If you feel strongly about these problems, then they could be contention points for his theory. I would that this could be a strong argument against Hume's skepticism. Maybe others who are more versed in british empiricism can suggest more, I'm kinda curious myself.

comment by synanimus
Undercutting the Copy Principle would destroy Hume's arguments entirely.

Sounds like fun, doesn't it? >:)

comment by nanikore
I'm going to cut and paste something I've posted before, and then quote myself again because I'm just that vain.


--------------------------------------------------------------------------------
The Concious Progression

When the supposed world that is inside of the mind is joined with what is outside of the mind, the boundary between the mind and non-mind becomes indistinct; There is no longer separately identifiable "inner mental realm" and "outer physical realm." There is no longer a clear demarcation between the perceiver and the perceived, the subject and the object.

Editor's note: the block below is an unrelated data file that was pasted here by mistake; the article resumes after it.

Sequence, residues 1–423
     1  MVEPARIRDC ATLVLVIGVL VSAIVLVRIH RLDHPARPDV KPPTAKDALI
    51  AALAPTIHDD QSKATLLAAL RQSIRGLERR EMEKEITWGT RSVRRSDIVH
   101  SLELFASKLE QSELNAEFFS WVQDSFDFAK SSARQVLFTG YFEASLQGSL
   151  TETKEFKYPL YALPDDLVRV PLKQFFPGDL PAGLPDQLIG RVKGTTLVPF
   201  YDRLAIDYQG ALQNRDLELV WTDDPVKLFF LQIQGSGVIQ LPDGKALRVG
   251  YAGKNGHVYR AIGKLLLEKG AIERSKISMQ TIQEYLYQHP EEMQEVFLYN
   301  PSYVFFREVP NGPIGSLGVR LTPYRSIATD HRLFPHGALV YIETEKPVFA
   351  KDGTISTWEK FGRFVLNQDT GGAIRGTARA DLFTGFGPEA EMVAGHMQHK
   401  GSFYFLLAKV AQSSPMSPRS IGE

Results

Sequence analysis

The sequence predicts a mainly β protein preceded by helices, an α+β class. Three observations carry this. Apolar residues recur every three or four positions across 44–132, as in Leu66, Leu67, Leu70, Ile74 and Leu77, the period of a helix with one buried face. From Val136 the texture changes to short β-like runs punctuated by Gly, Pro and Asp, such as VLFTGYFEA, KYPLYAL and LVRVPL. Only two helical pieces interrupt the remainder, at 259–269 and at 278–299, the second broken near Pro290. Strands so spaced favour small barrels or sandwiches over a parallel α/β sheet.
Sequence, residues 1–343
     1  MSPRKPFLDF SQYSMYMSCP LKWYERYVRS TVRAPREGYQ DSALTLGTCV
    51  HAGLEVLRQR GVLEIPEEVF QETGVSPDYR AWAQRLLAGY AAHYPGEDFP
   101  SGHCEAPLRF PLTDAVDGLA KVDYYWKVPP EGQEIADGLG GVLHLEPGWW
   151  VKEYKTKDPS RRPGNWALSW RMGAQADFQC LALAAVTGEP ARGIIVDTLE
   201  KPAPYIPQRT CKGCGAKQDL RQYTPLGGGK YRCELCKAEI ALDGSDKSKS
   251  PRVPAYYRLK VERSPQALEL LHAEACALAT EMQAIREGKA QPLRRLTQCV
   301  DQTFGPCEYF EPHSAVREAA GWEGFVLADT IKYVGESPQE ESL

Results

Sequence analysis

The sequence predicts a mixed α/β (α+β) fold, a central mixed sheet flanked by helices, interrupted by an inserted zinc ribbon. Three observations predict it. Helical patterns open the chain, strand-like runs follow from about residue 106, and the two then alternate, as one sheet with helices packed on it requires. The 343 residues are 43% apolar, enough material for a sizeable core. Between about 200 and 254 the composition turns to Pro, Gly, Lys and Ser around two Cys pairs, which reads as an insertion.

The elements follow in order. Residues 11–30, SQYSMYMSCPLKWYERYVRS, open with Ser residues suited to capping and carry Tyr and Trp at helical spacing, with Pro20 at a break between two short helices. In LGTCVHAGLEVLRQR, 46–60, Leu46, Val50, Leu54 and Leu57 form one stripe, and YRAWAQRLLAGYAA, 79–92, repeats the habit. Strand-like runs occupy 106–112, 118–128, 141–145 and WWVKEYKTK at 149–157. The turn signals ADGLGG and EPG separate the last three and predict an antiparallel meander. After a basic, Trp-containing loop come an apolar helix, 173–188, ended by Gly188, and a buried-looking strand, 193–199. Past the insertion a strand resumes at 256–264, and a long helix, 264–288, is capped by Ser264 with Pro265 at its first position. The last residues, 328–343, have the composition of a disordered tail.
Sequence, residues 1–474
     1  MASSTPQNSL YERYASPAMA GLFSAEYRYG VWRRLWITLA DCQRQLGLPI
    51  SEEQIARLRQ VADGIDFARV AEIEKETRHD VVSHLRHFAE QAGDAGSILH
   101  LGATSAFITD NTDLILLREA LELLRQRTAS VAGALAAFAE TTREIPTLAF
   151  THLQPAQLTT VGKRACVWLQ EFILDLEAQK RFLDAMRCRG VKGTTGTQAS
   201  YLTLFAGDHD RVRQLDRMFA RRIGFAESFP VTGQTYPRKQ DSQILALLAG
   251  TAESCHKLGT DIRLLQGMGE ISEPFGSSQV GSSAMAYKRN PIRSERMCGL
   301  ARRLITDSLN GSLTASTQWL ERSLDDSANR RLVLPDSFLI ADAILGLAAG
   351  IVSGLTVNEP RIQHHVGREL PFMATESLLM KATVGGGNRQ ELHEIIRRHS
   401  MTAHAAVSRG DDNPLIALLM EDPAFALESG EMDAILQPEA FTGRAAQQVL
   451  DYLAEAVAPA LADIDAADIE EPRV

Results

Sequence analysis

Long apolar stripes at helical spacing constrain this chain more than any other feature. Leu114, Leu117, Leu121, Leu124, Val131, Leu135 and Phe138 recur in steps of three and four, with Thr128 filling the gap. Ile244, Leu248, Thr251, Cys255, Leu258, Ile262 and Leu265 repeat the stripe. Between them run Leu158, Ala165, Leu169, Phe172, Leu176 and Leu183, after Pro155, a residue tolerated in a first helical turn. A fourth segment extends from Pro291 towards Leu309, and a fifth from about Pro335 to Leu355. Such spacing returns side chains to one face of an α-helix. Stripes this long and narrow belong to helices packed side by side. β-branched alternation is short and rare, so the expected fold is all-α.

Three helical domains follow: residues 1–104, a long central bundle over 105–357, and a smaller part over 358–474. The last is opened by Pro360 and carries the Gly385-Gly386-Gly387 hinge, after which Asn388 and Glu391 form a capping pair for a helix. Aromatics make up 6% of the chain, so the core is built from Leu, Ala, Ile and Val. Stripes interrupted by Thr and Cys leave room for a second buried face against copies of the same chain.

A. We start with no preconceived notion of existence of anything

B. We go on to perceive the world, including our selves

The realistic portion

The appearance of things come from the external direction. Once internal,they become the particulars of perception and eventually inwardlyimpressed as mental facts

C. "Magical realm". What goes on in here during the transition between perception and conception? Maybe there is no transition, and the processes (internal to external, external to internal) are simultaneously occuring. What is the structure of reality? Does it conform to what is described in internalism, externalism, or neither? I tend to think it involve both, and my view is similar to that of positive transcendence.

D. On this side of the transition, we define the world including our selves

The anti-realistic portion

The particulars of perception is manipulated by the mind and translated to the generalities of conception. They are projected outward and expressed as mental truths. Once external, they become abstracted ideas.

E. We end up with conceptions of what and how things are